Category Archives: World Bank

Human rights off the agenda – quietly.

Albright

The day could not have been better positioned for a loud, unrestrained, guttural howl of outrage and indignation. And while I did indeed hear words of anger, disappointment, and deep concern, there wasn’t a single howl. Not one. Disappointing…

It was just last Thursday, March 16th, and early that morning President Trump released his new “Make America Great” budget. It was a “skinny budget”, lacking the detail and policy weight of a comprehensive federal budget document, but it had the attention of everyone in that room.

“That room” was the Helene D. Gayle Global Development Symposium, hosted by the wonderful organization CARE, and held in the Reserve Officers Association building’s conference room. We were convened just across Constitution Avenue from the U.S. Senate offices – where the real budget battle will soon be fought. The audience gathered there was almost entirely women, which aligned with the topic: the plight of women and girls around the world. Still, the idealist might be excused if he or she presumed that the topic of women and girls – half the population of the world – might reasonably attract the attention and concern of men who are active in the international development community, but no. As happens so often, we were mostly women talking to women about women, ironically in a room resplendent of the patriarchy with somber pictures on the walls of distinguished (male) military icons staring down sternly at the impudent female speakers.

The weight of that just-published budget set the mood, despite the stalwart efforts of many speakers to be upbeat and positive. It felt to me that all of us were hunkered down in an attitude of resignation; self-made victims of a disempowering capitulation to “the way things are”. Many speakers spoke in pragmatic and occasionally wistful tones about the usual obstacles and successes, and how we might best find a way ahead for facilitating a type of development that would truly address and engage women and girls as full human beings. But there was no fire in their bellies, and there were no howls. Continue reading Human rights off the agenda – quietly.

Reflections from an Unrepentant International Development Idealist

development 1

For years and years every Friday morning at 8am, a small group of international development folks of many nationalities would gather for an hour over coffee and fruit in a well-appointed if sunless conference room in the first basement level of the World Bank in Washington, D.C. Whenever I was in Washington (i.e. when I wasn’t working overseas), I would take the opportunity to join them, which meant I was usually one of the regulars. Predominantly attended by World Bank staff, they were happy to include consultants and visitors like me in a common endeavor. In short, we talked values.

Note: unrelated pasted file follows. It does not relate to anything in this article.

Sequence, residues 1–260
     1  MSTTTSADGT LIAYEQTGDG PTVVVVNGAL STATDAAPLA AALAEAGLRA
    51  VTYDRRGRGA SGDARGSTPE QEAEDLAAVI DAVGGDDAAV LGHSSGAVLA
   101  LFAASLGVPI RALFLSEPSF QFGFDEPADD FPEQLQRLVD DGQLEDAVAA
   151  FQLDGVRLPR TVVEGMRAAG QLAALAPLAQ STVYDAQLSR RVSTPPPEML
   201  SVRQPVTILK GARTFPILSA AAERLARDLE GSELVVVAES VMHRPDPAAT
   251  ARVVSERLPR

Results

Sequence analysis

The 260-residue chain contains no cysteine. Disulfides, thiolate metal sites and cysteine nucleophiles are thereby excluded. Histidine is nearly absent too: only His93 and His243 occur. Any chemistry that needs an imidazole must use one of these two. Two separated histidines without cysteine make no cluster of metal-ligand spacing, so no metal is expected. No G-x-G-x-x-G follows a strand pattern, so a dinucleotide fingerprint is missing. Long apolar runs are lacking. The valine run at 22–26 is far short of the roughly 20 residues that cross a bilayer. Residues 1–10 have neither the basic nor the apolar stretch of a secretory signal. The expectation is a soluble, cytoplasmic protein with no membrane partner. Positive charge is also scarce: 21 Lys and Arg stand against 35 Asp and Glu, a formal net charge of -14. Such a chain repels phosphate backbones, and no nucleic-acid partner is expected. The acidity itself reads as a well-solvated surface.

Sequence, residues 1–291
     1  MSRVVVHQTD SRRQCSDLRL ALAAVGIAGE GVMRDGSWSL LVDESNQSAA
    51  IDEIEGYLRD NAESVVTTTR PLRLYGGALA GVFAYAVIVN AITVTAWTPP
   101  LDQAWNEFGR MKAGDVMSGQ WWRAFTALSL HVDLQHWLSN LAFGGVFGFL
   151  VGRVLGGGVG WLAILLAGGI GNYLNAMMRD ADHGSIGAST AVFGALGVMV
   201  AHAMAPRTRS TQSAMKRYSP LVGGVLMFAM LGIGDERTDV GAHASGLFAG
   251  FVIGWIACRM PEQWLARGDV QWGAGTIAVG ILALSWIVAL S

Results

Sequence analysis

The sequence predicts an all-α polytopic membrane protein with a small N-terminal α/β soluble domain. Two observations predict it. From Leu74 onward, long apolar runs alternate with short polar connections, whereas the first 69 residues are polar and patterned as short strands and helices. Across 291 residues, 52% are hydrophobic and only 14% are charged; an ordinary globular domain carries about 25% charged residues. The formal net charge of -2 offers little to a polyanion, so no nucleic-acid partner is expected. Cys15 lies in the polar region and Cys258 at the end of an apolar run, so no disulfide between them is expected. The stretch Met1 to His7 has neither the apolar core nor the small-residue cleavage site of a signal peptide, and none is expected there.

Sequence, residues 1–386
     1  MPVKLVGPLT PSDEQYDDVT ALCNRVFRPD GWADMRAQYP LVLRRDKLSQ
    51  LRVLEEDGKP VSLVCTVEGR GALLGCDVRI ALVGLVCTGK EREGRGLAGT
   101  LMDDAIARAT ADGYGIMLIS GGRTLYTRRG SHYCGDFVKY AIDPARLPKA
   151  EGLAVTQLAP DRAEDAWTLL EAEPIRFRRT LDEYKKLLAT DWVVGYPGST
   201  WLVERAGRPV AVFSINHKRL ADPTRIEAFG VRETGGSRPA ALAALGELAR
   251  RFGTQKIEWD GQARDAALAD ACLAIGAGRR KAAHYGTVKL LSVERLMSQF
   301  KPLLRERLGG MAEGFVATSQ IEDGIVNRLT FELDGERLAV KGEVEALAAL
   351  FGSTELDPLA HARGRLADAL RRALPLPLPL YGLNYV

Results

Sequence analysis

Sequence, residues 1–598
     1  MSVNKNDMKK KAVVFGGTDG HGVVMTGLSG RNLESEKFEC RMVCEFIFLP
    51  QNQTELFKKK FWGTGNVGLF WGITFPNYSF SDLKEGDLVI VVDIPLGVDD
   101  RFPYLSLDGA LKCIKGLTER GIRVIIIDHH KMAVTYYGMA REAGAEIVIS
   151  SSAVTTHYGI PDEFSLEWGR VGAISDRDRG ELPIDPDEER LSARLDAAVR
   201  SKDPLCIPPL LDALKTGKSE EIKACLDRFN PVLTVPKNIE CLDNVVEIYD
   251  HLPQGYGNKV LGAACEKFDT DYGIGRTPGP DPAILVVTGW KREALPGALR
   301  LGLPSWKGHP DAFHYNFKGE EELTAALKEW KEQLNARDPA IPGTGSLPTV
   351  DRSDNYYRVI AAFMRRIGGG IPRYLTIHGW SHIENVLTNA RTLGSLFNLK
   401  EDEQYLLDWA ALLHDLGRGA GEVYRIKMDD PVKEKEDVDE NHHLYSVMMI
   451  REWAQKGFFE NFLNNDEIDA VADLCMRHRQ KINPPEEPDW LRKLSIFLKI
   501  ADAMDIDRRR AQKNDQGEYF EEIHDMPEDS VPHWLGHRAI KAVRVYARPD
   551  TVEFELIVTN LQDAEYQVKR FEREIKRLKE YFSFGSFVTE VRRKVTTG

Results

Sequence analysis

Sometimes “values” strayed into religion, or spirituality, or secular humanism. Often there was a guest presenter, and even I made a few presentations along the way.  I do remember some remarkably inspirational discussions…and 9am always came around too fast. We’d then return to our respective worlds of pragmatism, attending to the development “paradigm of the month” and the realities of the various institutional environments that shape how international “development” is supposed to happen.

Yet often I left the World Bank’s basement with the strong sentiment: “if only…”.

Over the years, and even long after the Friday Morning Group ceased (gray-haired regulars retired and younger people could not accommodate Friday meetings that early!), my “if only” list has only grown. Call me an optimist, an idealist, or even out-of-touch, although I would argue that the latter accusation is suspect given my more than 15 years based in developing countries, and more than twice that long doing development work. If you insist on disparaging me, then call me a wishful-thinker who views her world through those rose colored glasses that seem now to have fallen out of vogue. But don’t call me naïve, or a dreamer, or foolhardy…even if I do admit to one fundamental abnormality not shared by the majority of those who have given their careers to international development, poverty alleviation, humanitarian relief, or human rights activism: I am an unrepentant idealist.

Yes, I still believe in the basic goodness of people, and their potential to do the right thing…and for the right reason.

It’s a conviction that I’ve paid dearly for in terms of bucking the system and being an outsider. When I worked at a leading consulting firm and the U.S. Agency for International Development (USAID) put out a comprehensive anti-corruption proposal some years ago, the terms of reference stipulated that all of the experts for the project ought to be economists. I pushed back, arguing that people are moved by many factors, and that we therefore instead ought to offer a balanced team of economists, political scientists, and development ethicists to capture more of the very human dynamics that truly define corruption (and integrity). The proposal was submitted accordingly and was promptly rejected by USAID; the competitor’s winning proposal took USAID at its word and provided only economists. Later at a different consulting firm, the donor’s terms of reference for a project on community-driven development completely ignored gender considerations, and in the draft proposal that I prepared I argued that we should showcase an approach that also featured the purposeful collaboration of men and women. I was told that this wasn’t the way the world (i.e. the patriarchy) worked, my draft of the proposal was rewritten to take out all of the references that I’d included that were based on gender equity, and the firm went on to win the project. My draft would clearly have failed. Continue reading Reflections from an Unrepentant International Development Idealist